From The Hollywood Reporter:
Michael Jackson once sang, “You can’t win / You can’t break even/ And you can’t get out of the game.”
With that in mind, a group of music publishers including Peermusic, Bug Music and Warner Chappell Music has won $6.6 million in a copyright infringement lawsuit against LiveUniverse, Inc. for displaying lyrics online to such songs as Van Morrison’s “Moondance” and Ray Charles’ “Georgia on My Mind.”
LiveUniverse was a company founded by Brad Greenspan, one of the co-founders of MySpace.
Among LiveUniverse’s properties were lyricsdownload.com, completealbumlyrics.com and lyricsandsongs.com. None of the websites are still operational, which represents some form of victory by the publishers after three years of litigation. On Tuesday, the publishers attained a final ruling on a default judgment from a California federal court awarding them $12,500 for each of the 528 songs that were found to be willfully infringed.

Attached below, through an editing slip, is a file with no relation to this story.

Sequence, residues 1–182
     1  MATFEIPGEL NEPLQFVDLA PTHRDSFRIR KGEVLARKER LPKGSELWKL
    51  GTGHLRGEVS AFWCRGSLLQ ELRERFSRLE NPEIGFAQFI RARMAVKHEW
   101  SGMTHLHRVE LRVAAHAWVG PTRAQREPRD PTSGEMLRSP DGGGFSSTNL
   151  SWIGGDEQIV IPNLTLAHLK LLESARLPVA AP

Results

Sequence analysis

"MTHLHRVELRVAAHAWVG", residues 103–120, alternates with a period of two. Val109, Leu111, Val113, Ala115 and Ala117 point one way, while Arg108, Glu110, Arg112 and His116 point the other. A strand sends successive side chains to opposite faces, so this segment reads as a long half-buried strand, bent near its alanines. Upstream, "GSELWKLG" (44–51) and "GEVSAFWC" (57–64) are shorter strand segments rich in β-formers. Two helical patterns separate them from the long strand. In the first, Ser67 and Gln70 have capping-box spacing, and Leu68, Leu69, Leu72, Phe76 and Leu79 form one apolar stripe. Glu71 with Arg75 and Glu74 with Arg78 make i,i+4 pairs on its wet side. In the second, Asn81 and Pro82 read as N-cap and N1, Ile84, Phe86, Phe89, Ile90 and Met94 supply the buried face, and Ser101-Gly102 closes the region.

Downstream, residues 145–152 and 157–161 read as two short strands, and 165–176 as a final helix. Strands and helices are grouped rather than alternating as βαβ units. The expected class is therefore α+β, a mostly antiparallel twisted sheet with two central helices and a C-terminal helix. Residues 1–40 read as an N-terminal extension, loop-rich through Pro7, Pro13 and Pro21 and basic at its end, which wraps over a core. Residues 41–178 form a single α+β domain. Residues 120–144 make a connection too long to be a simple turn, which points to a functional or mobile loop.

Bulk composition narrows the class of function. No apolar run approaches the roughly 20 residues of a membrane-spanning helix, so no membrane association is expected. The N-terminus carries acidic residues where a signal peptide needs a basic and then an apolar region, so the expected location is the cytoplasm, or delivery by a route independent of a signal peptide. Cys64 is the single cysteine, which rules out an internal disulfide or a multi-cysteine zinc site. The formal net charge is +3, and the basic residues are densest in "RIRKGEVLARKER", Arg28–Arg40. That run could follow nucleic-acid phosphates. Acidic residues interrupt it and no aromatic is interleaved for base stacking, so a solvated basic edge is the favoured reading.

That said, collection could get interesting.
Greenspan is a colorful character, who sued after Intermix Media “undersold” MySpace to News Corp for $580 million, called for an investigation from the Justice Department for “one of the largest merger and acquisition scandals in U.S. history,” battled Rupert Murdoch in a bid for the Wall Street Journal, and donated to the anti-spyware cause before having to pay up to settle a spyware lawsuit brought against him by the New York State attorney general’s office.
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